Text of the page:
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Literally speaking "unspecific" is the opposite of "specific", though I don't think it fits my intended use well.

Math is an abstract concept. There is nothing physical about math. Though it is very abstract, it is still very specific in the sense that everything is very well defined. What word could be used to describe something that is the opposite of the specificity math has? I'm looking for words similar to "open ended" or "loosey-goosey".

Another example would be how politicians tend to talk in vague terms without specifics.

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    General, vague, generalized, generalization, variable (in the math sense) – iMerchant Feb 28 '17 at 8:05
  • Childish is the word you want; the specificity of math is opposed to its lack among children and others whose minds are not accustomed to keeping dozens of axioms satisfied simultaneously. – John Lawler Feb 28 '17 at 15:16
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General

  1. not specific or definite:
    -dictionary.com

This would be like:

"Politicians tend to talk in general terms without specifics."

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You used the word vague yourself, that's a good start.

The usual opposite of specific is non-specific. Inspecific or unspecific can be read to suggest some specification that's incomplete. Non-specific suggests a lack of intention towards any specificity.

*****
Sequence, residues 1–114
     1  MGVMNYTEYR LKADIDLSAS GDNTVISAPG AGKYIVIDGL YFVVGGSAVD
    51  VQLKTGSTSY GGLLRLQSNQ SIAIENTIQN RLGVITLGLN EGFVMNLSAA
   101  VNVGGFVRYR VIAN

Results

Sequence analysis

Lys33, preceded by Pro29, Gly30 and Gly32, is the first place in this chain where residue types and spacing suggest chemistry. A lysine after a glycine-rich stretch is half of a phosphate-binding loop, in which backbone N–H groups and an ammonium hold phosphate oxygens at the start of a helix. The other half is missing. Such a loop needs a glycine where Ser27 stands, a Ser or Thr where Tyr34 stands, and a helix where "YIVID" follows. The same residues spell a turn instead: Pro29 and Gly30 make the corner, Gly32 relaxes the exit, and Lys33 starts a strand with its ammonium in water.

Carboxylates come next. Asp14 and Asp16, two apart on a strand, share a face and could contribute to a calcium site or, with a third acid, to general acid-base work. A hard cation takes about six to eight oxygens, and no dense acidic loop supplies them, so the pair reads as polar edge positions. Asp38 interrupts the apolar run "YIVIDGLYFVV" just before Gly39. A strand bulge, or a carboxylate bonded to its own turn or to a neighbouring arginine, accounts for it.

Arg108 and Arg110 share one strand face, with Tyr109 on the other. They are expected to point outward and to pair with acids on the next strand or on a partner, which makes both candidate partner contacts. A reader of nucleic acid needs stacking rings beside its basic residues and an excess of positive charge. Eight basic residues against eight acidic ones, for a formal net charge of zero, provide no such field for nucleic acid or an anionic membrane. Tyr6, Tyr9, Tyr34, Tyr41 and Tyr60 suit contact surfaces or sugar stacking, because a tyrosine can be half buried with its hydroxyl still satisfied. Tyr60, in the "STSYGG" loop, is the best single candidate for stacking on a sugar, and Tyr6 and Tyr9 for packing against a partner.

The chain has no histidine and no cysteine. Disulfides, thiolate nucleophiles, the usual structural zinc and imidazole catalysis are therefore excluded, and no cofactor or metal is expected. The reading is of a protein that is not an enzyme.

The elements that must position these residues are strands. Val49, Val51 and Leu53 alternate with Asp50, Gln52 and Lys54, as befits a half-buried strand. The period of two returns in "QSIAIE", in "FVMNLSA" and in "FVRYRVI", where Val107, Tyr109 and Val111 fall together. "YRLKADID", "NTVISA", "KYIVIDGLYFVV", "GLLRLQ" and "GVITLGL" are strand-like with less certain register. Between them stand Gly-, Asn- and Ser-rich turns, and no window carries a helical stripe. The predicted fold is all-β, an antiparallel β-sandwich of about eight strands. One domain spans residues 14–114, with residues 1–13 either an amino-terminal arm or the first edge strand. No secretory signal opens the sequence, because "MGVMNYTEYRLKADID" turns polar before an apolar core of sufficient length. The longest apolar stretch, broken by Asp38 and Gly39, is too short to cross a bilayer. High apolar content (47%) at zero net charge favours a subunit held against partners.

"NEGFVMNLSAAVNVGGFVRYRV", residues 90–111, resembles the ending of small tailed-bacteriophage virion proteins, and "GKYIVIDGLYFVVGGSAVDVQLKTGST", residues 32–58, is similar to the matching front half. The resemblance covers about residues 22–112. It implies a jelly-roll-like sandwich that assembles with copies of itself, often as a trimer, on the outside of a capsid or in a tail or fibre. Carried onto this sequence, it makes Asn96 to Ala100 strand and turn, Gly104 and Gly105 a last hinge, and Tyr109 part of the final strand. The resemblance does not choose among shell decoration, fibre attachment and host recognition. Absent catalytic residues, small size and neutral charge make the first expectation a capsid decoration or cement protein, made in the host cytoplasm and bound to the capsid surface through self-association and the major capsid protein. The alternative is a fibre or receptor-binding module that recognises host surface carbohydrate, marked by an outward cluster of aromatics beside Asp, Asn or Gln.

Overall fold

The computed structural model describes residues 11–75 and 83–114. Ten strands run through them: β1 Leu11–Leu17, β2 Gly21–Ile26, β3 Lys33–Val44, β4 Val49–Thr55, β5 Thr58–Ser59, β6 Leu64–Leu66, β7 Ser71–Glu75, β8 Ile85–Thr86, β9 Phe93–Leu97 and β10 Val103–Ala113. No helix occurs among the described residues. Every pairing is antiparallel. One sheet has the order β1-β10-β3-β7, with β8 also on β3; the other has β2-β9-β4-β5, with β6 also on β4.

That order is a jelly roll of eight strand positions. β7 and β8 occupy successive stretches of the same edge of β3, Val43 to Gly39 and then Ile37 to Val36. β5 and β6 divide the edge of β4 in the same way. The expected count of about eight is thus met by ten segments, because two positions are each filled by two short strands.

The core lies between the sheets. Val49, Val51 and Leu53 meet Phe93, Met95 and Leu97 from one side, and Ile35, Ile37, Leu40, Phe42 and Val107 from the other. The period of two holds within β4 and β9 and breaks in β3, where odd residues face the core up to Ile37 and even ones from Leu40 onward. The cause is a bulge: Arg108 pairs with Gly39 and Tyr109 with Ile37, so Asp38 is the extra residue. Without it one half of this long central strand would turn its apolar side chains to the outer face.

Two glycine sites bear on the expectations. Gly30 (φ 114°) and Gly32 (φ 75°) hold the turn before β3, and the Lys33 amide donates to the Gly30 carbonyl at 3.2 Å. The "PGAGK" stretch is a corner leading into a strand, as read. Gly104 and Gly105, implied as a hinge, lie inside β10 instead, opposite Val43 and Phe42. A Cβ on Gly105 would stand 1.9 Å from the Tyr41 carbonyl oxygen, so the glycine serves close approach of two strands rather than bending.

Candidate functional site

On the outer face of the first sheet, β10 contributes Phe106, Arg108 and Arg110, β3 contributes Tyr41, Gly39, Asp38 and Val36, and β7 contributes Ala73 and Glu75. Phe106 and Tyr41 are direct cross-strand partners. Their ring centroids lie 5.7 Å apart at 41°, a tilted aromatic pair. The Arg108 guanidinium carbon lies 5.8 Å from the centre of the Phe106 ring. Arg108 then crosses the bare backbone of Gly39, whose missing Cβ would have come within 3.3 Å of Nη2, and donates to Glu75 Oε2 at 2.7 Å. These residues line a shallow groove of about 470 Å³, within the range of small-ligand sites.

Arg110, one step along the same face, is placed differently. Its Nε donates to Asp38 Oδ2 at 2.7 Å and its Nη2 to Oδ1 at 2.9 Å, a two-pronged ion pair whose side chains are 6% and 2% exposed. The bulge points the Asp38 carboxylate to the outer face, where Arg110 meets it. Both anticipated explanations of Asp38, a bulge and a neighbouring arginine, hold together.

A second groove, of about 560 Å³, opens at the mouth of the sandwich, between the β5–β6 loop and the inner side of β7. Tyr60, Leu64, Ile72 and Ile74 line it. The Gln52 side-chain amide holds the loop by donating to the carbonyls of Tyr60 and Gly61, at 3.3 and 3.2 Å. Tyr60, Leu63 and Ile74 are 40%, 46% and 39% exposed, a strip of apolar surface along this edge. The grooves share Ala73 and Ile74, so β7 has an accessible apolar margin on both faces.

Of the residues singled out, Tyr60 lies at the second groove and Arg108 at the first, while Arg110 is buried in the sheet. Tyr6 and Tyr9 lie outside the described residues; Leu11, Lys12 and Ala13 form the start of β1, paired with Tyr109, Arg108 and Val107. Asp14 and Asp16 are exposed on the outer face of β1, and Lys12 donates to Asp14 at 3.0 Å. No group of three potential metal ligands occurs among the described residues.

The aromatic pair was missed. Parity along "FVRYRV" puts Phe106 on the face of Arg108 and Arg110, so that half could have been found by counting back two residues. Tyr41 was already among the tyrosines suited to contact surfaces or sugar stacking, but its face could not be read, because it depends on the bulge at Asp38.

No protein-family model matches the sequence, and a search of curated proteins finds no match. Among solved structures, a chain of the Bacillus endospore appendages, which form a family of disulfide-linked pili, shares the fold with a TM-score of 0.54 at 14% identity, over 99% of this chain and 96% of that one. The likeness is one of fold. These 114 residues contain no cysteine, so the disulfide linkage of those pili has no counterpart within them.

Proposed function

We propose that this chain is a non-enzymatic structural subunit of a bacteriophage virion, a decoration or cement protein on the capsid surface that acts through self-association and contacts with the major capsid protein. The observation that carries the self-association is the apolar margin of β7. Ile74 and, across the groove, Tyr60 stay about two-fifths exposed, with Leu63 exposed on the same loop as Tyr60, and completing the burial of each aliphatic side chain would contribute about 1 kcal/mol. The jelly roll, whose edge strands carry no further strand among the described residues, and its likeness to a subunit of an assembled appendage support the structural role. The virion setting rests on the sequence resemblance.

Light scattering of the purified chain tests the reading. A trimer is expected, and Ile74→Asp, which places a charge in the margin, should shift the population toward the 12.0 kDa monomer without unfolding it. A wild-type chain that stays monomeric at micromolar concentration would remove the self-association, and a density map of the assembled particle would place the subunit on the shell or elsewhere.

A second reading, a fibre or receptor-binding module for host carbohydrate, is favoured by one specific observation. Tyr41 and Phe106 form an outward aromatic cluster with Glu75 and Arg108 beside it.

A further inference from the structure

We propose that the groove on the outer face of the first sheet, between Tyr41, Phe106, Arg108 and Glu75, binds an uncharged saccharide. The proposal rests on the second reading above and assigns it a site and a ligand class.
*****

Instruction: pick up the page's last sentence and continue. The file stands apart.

Other words you could use are ethereal, fuzzy, rough or loose.

  • Yes. It's a technical term in linguistics. English has both specific and non-specific indefinite nouns. For instance, in She's looking for a policeman, but she can't find him, the indefinite noun phrase a policeman is specific, because him refers to a specific person. But in She's looking for a policeman, but she can't find one, it's non-specific, because one doesn't refer to a specific person. – John Lawler May 21 '18 at 2:57
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You could use 'random' as an antonym.

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In terms of programming, when we aren't working with something that has been specified, we are usually working with something generic or abstract. so those two words are also an option, i guess.

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